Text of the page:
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I've read about a study where they found that people who were forced to keep a smile-like face were reportedly happier than those who were forced to stay in a frown-like a face. Similarly, could onions induce sadness by forcing one to cry?

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  • $\begingroup$ Interesting question! A tip for it to be even better received: whenever you write 'I read' in a question, also link to the exact source you read. $\endgroup$ – Steven Jeuris Jun 29 '18 at 8:07
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I assume you're referring to the experiment by Strack, Martin, and Stepper (1988) in which people rated a cartoon as funnier when they had to hold their face in a smile shape by gripping a pencil in their teeth.

This has been applied to negative affect by Larsen, Kasimatis, and Frey (1992) who had participants furrow their brows during an activity. Golf tees were attached to their eyebrows such that furrowing the brow caused the tips of the tees to touch together. Participants showed more negative emotion in the brow furrowing condition (in which they were instructed to keep the tips of the tees touching).

Both studies, however, hypothesize that the effects are due to facial expression, specifically, to sensations of activating the muscles associated with positive or negative emotions. In the onion paradigm that you propose, it is unclear which (if any) emotion-relevant muscle activations would happen in conjunction with eye irritation.

Nobody that I know of has studied whether eye irritation or production of tears (independent of the accompanying facial expressions associated with sadness) will lead to an increase in sadness.

A competing theory might be that since crying can be cathartic, tear production might make people feel better rather than worse. However the research support for crying and catharsis is mixed and depends heavily on the context of the crying (Bylsma, Vingerhoets, & Rottenberg, 2008).

References
Strack et al., J Personality Social Psych (1998); 54(5): 768-7

Larsen et al., Cognition and emotion (1992); 6(5): 321-338

Bylsma et al., J Social and Clinical Psych (2008), 27(10): 1165-1187

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    $\begingroup$ A good answer well referenced +1 $\endgroup$ – Chris Rogers Jun 26 '18 at 22:13
  • $\begingroup$ I know right away I would perceive a cartoon more negatively if I had this thing on my brow :) $\endgroup$ – Probably Jul 6 '18 at 10:54
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Short answer
No

Background
Onions produce the irritant syn-propanethial-S-oxide. It stimulates the eyes' lachrymal glands and thereby stimulate the release tears (source: Library of Congress). The watering of the eye is hence the consequence of a physical irritant and has nothing to do with emotions whatsoever.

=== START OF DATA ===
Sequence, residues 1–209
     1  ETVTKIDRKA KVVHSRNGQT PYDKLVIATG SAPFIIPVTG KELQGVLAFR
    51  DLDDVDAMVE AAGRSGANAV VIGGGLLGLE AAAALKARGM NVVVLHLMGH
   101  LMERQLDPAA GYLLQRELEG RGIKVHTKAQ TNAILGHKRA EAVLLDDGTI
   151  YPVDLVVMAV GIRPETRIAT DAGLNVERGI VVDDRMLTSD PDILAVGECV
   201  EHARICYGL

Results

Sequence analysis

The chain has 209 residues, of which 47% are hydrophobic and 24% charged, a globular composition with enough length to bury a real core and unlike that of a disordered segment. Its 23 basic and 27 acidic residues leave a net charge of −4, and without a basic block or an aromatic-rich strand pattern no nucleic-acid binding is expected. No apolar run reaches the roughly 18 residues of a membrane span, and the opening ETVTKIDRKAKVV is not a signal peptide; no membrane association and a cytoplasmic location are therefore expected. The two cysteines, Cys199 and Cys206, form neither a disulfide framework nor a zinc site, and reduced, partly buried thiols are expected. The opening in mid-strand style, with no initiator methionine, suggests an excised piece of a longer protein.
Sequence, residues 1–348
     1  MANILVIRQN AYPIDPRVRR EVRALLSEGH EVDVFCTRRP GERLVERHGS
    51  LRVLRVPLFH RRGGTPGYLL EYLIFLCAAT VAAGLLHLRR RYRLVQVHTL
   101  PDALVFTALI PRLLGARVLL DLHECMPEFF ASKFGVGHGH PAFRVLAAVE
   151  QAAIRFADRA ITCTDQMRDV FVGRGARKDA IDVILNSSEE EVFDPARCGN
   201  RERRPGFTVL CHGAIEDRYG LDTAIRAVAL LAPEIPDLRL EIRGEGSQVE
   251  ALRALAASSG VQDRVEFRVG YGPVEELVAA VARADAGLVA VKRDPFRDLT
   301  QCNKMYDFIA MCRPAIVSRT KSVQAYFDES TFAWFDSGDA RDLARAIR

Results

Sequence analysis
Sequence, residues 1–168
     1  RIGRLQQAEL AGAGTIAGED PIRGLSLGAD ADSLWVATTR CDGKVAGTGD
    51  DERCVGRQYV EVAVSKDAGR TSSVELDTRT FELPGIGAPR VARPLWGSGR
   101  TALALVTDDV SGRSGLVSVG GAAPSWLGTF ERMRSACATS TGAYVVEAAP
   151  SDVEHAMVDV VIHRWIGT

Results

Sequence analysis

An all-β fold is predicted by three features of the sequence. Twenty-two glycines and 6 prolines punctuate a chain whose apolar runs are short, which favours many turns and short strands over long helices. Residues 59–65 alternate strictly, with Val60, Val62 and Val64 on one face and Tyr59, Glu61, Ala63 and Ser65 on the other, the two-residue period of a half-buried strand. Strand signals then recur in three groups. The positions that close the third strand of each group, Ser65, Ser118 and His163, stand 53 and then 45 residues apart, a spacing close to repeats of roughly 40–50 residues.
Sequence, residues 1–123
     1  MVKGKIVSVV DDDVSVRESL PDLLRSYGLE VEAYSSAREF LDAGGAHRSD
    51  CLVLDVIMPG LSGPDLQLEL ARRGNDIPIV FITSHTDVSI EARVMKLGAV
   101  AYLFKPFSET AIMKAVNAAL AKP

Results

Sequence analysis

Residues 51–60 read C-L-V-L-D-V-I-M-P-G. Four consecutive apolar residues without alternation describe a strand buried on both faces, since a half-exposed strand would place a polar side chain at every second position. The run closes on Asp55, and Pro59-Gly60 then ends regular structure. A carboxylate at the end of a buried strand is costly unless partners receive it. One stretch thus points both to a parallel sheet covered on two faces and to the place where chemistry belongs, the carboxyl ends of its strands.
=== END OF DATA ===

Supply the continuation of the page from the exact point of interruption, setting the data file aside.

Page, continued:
Anecdotally spoken, chopping onions agitates me more than it makes me sad, as I can't see what I'm doing through the tears while I'm hungry :)

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    $\begingroup$ The other answer mentions that the effect may be related to "...sensations of activating the muscles..." while simply biting a pencil. How can we be so a priori certain that sensations of weeping or watering of the eyes could not result in a similar effect? Perhaps it's not so cut and dried (pun intended) ;-) $\endgroup$ – uhoh Jul 1 '18 at 5:29
  • $\begingroup$ @uhoh I'm afraid I don't get your point. I think it's a matter of causation. The cause of tears can be emotional, or physical. $\endgroup$ – AliceD Jul 1 '18 at 10:28
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    $\begingroup$ oh, assuming the explanation in the other answer is correct and that my understanding of the explanation is correct as well, the emotional response (or in this case the modification of it) is a result of the sensation of the movement of facial muscles necessary to hold a pencil in one's mouth. So if that sensation in the face can cause something to seem funnier, why would it necessarily be clear that the sensation of tears could not also have an emotional effect? Gripping a pencil between the teeth and tearing from an onion seem similarly unrelated to emotions. $\endgroup$ – uhoh Jul 1 '18 at 11:03
  • $\begingroup$ The analogy is fine, but the two are unrelated. The chemicals are irritants and they hurt physically. I cannot see the link between the two studies that might warrant the interpretation of the former to explain a purely hypothetical thought of the other. $\endgroup$ – AliceD Jul 1 '18 at 11:48

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